In addition, world missionary leaders are taking a much stronger stance on the need to engage Satan and his dark hosts as we seek to reach the billions locked away in sophisticated religious systems under deep-seated demonic bondage. Perhaps never before has the global church been so ready to unflinchingly engage the principalities and powers and to do so despite the cost. Currently networks are forming worldwide that bring together scores of ministries recently raised up for the specific focus of what some call “spiritual mapping” and “spiritual warfare.” Much healthy discussion is underway as we seek theological and tactical balance in this approach. But there is a hop determination to uncover the biblical realities of satanic work among unreached peoples and to dislodge these forces of darkness by Christ’s direct intervention through a revived missionary movement. All of this exploration appears preparatory for the strategic battlers up ahead as the gospel is powerfully unleashed out of a twenty-first century revival.
Can the fire be far behind?
- Pools of Renewal Are Poised to Become Rivers
Pools of renewal are made up of those who are drawn together with like heart and passion to seek God’s face in prayer for world revival and to work together in holy, obedient preparation to serve wherever revival takes them. (I discuss them in more detail in chapter 10).
These pools are found not only within individual local churches, but even in whole denominations. They are also identifiable in a most exciting form in the united prayer movements emerging in many cities. God is even now digging trenches between the pools (often through these movements of united prayer or through coalitions for evangelistic activity) to bring them together to create grand reservoirs of renewal. In turn, they will become mighty rivers of renewal, empowering all kinds of cooperative efforts in world outreach.
For example, countless pools have been dug worldwide by the Pentecostal/Charismatic movement. The last decade has witnessed a rapid increase in this renewal as it has spread throughout all 156 major ecclesiastical families or traditions of the Christian world. It is estimated that there are 372 million Christians now identified with this movement and with its strong emphasis on recapturing both the spiritual gifts for building up the body and spiritual power for witness to the world.
Digging pools at a whole different level, most predominantly within the Catholic church, are the “base ecclesiastical communities.” Base communities are small groups focused on the fundamentals of Christian prayer and witness. They began among the poor in Latin America but have spread throughout Africa, the Philippines, and other parts of Asia. Each community consists of ten to twelve families. They meet once a week primarily for prayer, first for themselves, then for their families, and finally for their cities. David Barrett estimates there will be one million base communities worldwide by the year 2000 enabling the poor to be world evangelizers in their own right.7 Richard Lovelace remarks that the base-community renewal movement “may be more pervasive worldwide than the Charismatic renewal.”8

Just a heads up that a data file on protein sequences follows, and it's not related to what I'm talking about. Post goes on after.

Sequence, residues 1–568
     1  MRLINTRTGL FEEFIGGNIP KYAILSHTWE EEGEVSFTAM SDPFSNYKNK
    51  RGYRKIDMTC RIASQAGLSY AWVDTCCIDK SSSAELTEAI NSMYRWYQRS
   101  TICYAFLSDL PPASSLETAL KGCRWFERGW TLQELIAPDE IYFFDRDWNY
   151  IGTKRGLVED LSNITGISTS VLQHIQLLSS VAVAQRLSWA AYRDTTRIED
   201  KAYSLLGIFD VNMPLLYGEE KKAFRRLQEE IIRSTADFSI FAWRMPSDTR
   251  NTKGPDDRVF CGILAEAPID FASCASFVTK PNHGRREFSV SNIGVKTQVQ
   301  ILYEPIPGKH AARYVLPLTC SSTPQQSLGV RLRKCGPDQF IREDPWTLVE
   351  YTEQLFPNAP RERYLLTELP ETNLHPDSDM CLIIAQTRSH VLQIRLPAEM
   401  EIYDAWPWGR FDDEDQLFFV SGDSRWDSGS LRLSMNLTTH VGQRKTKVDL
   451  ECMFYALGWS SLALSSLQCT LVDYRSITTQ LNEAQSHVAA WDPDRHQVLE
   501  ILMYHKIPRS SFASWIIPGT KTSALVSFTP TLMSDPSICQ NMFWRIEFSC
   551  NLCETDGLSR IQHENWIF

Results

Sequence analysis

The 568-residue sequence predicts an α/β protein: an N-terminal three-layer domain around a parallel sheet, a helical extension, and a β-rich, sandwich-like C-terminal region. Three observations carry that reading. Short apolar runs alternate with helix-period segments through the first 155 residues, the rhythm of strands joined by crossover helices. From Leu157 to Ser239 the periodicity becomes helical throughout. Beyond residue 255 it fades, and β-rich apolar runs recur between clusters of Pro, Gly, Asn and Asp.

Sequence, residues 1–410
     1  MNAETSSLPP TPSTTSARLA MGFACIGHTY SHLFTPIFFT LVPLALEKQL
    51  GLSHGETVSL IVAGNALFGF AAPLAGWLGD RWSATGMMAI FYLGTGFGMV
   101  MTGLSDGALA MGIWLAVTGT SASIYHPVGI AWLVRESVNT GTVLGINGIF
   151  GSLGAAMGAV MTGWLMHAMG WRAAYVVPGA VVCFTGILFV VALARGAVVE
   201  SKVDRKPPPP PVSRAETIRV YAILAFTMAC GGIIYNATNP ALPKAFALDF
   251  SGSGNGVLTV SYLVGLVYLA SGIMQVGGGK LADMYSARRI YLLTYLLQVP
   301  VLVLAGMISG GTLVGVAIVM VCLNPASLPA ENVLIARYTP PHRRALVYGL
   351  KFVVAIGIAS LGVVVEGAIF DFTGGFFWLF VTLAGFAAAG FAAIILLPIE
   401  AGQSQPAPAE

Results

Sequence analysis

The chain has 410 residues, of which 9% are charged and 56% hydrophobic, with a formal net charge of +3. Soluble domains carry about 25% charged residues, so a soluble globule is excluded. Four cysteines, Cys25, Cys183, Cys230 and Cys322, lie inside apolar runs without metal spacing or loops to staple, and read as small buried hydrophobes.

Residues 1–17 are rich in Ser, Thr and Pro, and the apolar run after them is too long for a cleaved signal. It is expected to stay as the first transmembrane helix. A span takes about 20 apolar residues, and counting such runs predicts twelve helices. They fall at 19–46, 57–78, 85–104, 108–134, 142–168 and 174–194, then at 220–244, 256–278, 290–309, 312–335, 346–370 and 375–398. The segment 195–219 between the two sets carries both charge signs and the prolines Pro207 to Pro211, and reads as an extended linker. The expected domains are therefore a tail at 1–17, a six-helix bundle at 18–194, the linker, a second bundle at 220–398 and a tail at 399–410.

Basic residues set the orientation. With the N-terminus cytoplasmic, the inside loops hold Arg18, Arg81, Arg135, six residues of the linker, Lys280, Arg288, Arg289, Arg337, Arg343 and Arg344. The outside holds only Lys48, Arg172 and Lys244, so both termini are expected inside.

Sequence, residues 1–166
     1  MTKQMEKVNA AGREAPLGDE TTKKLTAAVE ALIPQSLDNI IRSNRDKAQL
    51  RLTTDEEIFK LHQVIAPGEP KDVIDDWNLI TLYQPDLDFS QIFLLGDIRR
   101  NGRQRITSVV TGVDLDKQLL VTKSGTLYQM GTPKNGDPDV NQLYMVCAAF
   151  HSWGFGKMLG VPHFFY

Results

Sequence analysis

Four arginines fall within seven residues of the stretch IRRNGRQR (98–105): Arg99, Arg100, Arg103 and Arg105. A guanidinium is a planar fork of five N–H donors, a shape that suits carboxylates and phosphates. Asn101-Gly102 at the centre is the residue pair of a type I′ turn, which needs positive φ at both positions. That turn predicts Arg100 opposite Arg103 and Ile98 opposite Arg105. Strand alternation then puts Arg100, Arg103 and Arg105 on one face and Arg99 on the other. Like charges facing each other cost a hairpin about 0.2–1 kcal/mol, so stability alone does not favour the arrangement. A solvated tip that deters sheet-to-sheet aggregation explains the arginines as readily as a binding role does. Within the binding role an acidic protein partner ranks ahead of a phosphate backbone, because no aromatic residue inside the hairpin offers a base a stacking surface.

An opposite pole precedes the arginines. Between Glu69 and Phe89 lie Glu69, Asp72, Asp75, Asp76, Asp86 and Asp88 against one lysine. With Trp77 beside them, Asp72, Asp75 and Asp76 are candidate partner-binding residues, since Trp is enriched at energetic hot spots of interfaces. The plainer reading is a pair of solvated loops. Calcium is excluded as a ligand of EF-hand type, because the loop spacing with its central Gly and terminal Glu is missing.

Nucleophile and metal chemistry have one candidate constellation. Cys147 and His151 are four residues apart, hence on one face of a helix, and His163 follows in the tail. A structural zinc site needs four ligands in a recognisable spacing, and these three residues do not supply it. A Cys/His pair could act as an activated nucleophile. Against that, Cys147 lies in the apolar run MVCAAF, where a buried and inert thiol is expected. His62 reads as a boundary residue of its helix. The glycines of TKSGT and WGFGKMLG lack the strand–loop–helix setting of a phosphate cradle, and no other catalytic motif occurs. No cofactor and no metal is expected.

Wherever they come from and whatever they are called, two fascinating characteristics about today’s pools of renewal make them unique. As opposed to previous “great awakenings,” they are pervasive throughout all parts of the body of Christ. Secondly, they are focused preeminently on renewal in the body for outward advance on all fronts of Christ’s global cause. In other words there appears to be a shared expectation that world revival is coming to bring closure to world evangelization and the consummation of all things. Never to this degree has this characteristic so dominated prayer movements of the past.
Come, for Everything Is Now Ready
Who has dug these pools of renewal? Can the river be far behind? Who is shaking the church out of apathy and hopelessness? Can the earthquake be far behind? Who has put all these bricks into place? Can the fire be far behind? “Being confident of this, that he who began a good work in you will carry it on to completion . . . (Phil. 1:6).
The implications of such preparations are simply staggering. What if, in fact, among the over one billion Christians, God is preparing to raise up a revived church galvanized for biblical action on a whole spectrum of global issues? (Even 20 or 30 percent would be an awesome army!) When if massive revival would come to the church to such a degree that there would be an unbreakable solidarity among Christians in all parts of the body to labor together for the fulfillment of the Great Commission among the remaining three billion unreached people of the world?
What a panorama of challenge and hope this puts before us! Have we any other alternative but to join in a movement that prays and prepares for nothing less than national and world revival, and to do so with confidence? Hear the Father say, in the words of Jesus’ parable, “Come, for everything is now ready” (Luke 14:17). The hope is at hand.